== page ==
SQL Server 2016 Developer Edition is Free

| by Jonathan Allen Follow 396 Followers on Jun 02, 2016. Estimated reading time: less than one minute |

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In conjunction with the release of SQL Server 2016, Microsoft has announced that the Developer Edition of SQL Server will be free. In order to take advantage of this offer, you will need to be a member of Microsoft’s Visual Studio Dev Essentials program.

The Visual Studio Dev Essentials program, which is also free, is the channel through which Visual Studio Community and Visual Studio Code are offered. Also included are various Azure products, Microsoft R Server, and free training from a variety of vendors.

SQL Server 2016 Developer edition differs from their other free offering, SQL Server Express, in two ways. Unlike SQL Server Express, it cannot be used in production environments. However, it does have the advantage of including all of the SQL Server Enterprise features. This allows developers to experiment with Clustered Columnstore, Memory Optimized Tables, and other advanced features.

There is a downside to this however- there is no developer equivalent to the less expensive SQL Server 2016 Standard edition. So developers planning on targeting that edition need to be extra careful that they don’t accidentally introduce an Enterprise-only feature into their codebase.

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does it matter? by Beren Erchamion

there are so many free choices, does this really matter?

Re: does it matter? by Jonathan Allen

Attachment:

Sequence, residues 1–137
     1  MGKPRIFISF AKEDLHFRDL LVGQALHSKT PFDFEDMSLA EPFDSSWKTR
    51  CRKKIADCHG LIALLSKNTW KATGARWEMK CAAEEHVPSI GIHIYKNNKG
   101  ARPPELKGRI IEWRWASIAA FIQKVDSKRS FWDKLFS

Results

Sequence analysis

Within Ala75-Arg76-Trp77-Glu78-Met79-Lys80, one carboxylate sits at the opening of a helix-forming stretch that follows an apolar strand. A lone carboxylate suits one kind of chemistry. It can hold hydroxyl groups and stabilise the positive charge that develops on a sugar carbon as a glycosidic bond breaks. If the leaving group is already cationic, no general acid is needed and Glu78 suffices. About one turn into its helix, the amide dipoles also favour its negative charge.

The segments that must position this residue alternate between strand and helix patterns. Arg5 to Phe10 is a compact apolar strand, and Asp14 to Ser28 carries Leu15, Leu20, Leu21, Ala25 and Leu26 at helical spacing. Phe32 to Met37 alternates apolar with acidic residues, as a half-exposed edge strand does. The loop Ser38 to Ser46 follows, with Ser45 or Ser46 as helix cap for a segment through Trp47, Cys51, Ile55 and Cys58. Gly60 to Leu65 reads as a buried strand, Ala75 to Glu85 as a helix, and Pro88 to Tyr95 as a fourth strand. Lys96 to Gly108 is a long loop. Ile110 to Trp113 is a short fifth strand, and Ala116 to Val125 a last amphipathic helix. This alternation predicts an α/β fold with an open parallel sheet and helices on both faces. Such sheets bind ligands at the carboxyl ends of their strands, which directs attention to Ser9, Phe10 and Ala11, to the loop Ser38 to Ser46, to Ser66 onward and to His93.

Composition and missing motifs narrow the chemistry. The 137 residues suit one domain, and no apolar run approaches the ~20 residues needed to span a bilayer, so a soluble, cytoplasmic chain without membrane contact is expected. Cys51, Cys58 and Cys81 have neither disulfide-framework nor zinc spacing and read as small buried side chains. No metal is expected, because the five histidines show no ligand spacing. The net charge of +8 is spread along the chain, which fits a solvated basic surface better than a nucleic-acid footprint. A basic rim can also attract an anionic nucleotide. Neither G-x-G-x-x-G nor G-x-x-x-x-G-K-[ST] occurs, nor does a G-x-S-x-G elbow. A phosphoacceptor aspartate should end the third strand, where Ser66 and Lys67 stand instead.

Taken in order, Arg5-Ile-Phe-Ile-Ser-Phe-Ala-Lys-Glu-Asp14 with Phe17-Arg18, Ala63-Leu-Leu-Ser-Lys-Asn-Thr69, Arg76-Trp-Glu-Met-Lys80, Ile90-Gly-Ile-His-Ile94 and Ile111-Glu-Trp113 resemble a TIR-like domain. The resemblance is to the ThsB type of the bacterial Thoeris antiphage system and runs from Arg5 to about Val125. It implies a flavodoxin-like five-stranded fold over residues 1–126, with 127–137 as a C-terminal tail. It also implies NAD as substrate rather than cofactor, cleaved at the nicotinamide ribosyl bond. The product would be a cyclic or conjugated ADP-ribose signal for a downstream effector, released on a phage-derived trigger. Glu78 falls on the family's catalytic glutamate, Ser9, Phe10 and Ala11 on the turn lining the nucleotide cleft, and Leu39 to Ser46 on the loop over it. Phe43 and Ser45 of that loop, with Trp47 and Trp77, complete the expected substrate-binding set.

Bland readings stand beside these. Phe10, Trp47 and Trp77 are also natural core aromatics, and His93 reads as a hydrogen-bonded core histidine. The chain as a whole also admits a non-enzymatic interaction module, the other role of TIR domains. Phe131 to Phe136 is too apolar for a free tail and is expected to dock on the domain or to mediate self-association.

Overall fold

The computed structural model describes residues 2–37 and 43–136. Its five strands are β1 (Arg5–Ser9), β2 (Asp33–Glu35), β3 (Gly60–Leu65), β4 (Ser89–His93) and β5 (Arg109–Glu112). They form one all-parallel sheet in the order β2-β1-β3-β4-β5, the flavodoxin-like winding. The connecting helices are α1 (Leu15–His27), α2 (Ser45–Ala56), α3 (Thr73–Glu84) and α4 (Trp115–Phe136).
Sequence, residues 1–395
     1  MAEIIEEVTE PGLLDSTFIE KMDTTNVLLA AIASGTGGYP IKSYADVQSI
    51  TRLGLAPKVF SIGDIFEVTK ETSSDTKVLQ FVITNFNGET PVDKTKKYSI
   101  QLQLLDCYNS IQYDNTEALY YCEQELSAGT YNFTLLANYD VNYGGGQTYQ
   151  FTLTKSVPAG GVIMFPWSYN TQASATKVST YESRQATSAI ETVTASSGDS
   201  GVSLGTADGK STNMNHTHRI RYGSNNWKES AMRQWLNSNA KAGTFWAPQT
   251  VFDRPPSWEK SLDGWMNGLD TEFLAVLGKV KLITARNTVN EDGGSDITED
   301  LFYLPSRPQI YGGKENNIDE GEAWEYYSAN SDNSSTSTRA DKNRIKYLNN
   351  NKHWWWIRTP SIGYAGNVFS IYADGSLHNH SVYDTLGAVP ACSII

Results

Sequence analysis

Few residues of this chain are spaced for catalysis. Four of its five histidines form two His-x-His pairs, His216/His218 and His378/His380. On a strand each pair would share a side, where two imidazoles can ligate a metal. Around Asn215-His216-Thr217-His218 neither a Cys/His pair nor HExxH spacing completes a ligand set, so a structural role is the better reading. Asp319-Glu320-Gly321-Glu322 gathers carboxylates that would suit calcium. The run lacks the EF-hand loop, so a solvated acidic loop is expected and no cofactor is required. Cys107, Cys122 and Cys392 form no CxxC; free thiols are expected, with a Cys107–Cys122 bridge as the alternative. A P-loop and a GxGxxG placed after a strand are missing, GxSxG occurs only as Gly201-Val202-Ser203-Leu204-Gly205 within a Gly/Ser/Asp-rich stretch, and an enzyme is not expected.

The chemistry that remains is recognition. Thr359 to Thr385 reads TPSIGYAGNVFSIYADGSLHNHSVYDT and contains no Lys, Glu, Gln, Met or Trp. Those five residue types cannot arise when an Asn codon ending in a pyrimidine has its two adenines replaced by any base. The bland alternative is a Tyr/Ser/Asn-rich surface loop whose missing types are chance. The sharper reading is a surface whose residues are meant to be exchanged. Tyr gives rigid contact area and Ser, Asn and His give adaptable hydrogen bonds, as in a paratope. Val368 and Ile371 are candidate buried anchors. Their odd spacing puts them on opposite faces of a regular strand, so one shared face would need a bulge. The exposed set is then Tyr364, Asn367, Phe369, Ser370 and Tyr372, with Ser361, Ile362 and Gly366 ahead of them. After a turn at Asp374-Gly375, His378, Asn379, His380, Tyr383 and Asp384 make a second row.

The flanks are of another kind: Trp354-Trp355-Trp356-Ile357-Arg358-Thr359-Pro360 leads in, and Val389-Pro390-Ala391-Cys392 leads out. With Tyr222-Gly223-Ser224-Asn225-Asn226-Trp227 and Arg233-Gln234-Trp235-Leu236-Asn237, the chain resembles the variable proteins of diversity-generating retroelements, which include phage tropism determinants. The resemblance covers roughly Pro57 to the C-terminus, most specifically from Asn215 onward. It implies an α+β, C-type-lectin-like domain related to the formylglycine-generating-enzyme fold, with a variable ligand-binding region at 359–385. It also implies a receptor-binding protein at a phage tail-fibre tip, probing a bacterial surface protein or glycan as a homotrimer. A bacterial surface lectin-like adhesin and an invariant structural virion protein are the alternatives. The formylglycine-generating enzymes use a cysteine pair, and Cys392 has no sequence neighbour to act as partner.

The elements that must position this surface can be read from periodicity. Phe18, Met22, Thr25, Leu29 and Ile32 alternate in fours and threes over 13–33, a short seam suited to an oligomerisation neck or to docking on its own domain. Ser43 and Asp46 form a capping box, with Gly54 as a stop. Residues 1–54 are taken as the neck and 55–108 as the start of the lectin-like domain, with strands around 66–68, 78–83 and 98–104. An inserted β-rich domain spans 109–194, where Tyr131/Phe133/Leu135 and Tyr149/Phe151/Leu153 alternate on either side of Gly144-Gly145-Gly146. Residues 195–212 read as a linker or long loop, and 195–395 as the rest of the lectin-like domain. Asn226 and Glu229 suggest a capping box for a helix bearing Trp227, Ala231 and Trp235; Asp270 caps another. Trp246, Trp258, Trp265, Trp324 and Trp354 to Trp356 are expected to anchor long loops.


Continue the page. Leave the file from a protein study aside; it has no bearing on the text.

In theory, SQL Server offers much better performance on high-end hardware than any of the free relational databases. But without anyone offering solid benchmarks, we don't know if that's true or not.

Heck, even with NoSQL databases we don't have solid benchmarks. People love to show off using commodity hardware, but I've never seen someone publically run a test using enterprise grade hardware.

Re: does it matter? by peter weissbrod

There are literally hundreds of variables, but the TPC is a nonprofit organization dedicated to benchmarking performance/efficiency of data systems.

The hardware is a major factor, as is the type of schema (OLAP vs OLTP) types of joins, distributed/clustered etc. Normally when someone researches TPC it is because they have special scenarios in mind, e.g.: pairing the right hardware with the right DBMS for aggregation intensive operations of high volume with low cache across tiered storage.

Re: does it matter? by Omar Jaber

It is also free on Azure. Get an Azure subscription free trial and use SQL Server 2016 Developer for free.

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